It’s not often that a three-year-old gets 100 people out to his birthday party. But when your name is Khayden Otter-Rupert and just making another birthday is an inspiration, people pay attention.

The turnout at the party at Hotel du Fort in Montreal May 23 was more than expected, admitted Khayden’s grandfather, Ronnie Otter. “It was very good; we didn’t know there would be that many people,” Otter said. “He passed another milestone with his birthday.”

Khayden has been fighting an uphill battle to resume his life.

On February 8, Khayden was found unconscious in his foster parents’ home in Waswanipi. He was rushed to the hospital and has not been home since.

Trevor Eric Spencer, who was living with Khayden’s stepmother, was charged with aggravated assault. He is being held in Amos pending trial and a psychiatric evaluation.

The resulting emotional and financial support the family has received from all nine Cree communities has helped the family tremendously, and has brought the people of Eeyou Istchee together in a time of need.

The celebration started off with some words from Ronnie and a prayer from a Cree elder. Those who attended couldn’t wait to dig into the geese supplied by families who had a successful goose break.

Ronnie wanted to thank the Happyjack family who helped in a big way by cooking many of the 22 geese. He said they wouldn’t have been able to make the deadline without their help.

The last few weeks have been hard on the Otter and Rupert families. On May 12, Khayden’s skull was reattached. This represented a key part in his rehabilitation. Once his head is strong enough, he’ll be able to recover much quicker.

A few days after the surgery, the family noticed that Khayden had become lighter. He was losing weight because he couldn’t eat without vomiting. He had also stopped physiotherapy due to the fragile state of his skull.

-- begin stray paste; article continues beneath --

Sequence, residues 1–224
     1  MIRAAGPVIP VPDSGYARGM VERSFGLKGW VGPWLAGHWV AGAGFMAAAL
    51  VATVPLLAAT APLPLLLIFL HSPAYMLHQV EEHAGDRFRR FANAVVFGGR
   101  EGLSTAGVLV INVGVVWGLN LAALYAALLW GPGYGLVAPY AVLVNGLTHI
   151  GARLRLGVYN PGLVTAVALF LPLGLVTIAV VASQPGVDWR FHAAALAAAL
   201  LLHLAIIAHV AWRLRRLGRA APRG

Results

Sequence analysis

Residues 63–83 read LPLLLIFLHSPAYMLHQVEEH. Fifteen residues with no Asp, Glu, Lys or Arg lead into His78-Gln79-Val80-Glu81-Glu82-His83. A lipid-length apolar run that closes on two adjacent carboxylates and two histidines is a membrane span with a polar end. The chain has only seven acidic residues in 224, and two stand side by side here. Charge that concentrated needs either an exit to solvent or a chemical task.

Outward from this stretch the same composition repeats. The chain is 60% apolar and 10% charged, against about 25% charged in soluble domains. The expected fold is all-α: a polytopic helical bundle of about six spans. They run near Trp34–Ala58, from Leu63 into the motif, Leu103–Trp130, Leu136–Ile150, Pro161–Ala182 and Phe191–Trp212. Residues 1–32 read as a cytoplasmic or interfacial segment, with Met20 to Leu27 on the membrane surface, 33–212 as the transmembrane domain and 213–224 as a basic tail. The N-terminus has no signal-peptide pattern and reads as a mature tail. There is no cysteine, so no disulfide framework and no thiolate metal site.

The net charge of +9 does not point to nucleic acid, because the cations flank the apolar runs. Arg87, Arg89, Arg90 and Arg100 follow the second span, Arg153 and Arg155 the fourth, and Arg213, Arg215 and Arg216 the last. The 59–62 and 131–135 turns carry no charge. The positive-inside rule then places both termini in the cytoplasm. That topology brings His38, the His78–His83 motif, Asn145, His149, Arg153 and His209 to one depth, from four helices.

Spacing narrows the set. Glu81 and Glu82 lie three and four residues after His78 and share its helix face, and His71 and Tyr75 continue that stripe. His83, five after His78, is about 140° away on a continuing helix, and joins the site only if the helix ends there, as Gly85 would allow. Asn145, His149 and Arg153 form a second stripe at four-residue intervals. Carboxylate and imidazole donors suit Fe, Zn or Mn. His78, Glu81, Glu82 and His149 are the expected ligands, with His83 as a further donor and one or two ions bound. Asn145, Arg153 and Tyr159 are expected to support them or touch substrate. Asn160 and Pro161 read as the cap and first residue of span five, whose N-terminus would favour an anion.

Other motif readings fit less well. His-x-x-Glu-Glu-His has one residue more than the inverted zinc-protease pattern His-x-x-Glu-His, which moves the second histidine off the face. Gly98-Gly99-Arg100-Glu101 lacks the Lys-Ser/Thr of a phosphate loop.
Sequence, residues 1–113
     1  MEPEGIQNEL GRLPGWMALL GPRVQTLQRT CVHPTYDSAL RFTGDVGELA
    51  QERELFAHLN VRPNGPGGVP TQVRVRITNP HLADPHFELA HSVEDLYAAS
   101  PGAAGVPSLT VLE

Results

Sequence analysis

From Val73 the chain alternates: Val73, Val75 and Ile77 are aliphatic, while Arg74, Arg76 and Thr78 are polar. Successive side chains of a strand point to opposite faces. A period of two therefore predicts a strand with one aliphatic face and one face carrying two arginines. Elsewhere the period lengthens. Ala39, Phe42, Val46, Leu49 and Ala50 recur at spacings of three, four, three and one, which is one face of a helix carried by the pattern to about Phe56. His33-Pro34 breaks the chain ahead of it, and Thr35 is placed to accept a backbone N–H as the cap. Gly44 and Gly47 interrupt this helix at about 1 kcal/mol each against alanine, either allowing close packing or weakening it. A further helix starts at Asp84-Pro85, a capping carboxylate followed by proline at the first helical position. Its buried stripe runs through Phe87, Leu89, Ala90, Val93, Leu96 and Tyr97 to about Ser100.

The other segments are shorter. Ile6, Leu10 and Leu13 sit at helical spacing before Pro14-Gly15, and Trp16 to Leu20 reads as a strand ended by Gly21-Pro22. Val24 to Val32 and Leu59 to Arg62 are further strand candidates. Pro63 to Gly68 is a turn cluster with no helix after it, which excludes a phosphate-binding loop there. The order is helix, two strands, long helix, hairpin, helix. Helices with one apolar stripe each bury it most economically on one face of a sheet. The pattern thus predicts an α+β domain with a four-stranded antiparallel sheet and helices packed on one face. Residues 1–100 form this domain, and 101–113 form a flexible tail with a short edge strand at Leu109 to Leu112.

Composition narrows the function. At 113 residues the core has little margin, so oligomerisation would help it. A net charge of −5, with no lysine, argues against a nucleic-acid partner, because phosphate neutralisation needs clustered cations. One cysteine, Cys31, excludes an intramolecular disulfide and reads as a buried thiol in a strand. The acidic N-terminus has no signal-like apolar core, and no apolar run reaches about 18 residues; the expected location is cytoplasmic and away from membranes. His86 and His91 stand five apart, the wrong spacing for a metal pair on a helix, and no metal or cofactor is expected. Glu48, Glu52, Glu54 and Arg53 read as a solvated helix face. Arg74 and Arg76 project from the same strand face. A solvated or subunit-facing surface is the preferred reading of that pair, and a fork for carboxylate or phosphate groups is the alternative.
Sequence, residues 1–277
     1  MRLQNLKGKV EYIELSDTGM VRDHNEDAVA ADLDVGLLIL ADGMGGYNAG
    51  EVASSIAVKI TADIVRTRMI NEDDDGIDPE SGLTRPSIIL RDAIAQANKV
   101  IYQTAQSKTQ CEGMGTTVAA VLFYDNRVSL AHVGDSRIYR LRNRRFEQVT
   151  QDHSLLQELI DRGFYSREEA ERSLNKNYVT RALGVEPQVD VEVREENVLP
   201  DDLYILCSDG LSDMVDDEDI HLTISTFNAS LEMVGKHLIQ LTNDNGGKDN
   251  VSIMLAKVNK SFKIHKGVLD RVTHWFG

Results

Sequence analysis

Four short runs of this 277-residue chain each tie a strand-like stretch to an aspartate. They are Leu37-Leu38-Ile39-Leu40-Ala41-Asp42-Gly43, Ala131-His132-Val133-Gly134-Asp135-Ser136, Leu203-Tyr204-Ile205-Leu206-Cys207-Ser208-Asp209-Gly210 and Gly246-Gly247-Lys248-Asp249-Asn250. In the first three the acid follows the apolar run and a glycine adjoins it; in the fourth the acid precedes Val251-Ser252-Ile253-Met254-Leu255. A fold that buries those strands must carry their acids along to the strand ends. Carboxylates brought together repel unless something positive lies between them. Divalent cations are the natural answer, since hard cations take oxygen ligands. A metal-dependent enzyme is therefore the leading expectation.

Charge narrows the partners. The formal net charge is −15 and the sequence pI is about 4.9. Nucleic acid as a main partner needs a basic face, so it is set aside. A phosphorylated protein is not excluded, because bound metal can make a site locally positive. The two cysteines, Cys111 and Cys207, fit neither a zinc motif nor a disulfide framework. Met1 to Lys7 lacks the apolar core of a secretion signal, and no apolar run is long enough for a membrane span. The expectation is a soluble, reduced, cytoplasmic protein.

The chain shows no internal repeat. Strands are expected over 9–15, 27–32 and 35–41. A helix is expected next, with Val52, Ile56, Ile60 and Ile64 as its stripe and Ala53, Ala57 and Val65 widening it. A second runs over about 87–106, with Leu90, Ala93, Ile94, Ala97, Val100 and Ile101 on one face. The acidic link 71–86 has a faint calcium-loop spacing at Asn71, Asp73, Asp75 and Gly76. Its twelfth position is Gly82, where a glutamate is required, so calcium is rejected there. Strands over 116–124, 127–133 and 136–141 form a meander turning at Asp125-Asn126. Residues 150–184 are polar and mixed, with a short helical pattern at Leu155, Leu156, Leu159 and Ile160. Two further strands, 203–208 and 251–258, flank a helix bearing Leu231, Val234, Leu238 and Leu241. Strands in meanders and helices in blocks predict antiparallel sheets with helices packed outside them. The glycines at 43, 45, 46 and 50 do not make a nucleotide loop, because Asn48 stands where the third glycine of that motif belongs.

As he recovers he’s becoming more inquisitive and curious. His mother Judy said that he’s always asking questions and wondering who people are. “He didn’t stop talking about his birthday party,” she said.

He was especially excited because this was one of the few times in the past three months that he’s been able to leave the Montreal Children’s Hospital.

As he built up his strength, Khayden went a little bit further away from the hospital On May 29 he traveled to the pow wow in Ottawa with his mother. Donations were made to aid the family and a ceremonial healing circle was performed in Khayden’s honour. All seemed to be going well.

Up until that point he had been able to digest soft foods like porridge without throwing up, but at the pow wow, that changed. His appetite was non-existent and when he did eat he would vomit.

Upon arrival at the Children’s Hospital, Khayden was immediately fed intravenously. He also underwent x-rays that revealed a large amount of fluids in his head. A tube was inserted to drain the liquid.

Khayden is slated to leave the Children’s June 7. From there, he’ll be transferred to Marie Enfant rehabilitation centre for children in the east end of Montreal.